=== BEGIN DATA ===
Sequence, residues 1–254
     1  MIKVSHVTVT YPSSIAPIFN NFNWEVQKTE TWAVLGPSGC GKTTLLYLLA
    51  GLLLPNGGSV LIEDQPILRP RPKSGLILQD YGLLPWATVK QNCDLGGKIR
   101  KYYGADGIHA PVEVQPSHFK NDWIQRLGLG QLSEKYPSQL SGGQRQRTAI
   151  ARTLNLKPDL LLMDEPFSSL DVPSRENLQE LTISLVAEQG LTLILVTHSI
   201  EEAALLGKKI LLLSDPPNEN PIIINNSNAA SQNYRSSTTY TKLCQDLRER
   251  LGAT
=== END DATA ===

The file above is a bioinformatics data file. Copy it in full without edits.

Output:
Sequence, residues 1–254
     1  MIKVSHVTVT YPSSIAPIFN NFNWEVQKTE TWAVLGPSGC GKTTLLYLLA
    51  GLLLPNGGSV LIEDQPILRP RPKSGLILQD YGLLPWATVK QNCDLGGKIR
   101  KYYGADGIHA PVEVQPSHFK NDWIQRLGLG QLSEKYPSQL SGGQRQRTAI
   151  ARTLNLKPDL LLMDEPFSSL DVPSRENLQE LTISLVAEQG LTLILVTHSI
   201  EEAALLGKKI LLLSDPPNEN PIIINNSNAA SQNYRSSTTY TKLCQDLRER
   251  LGAT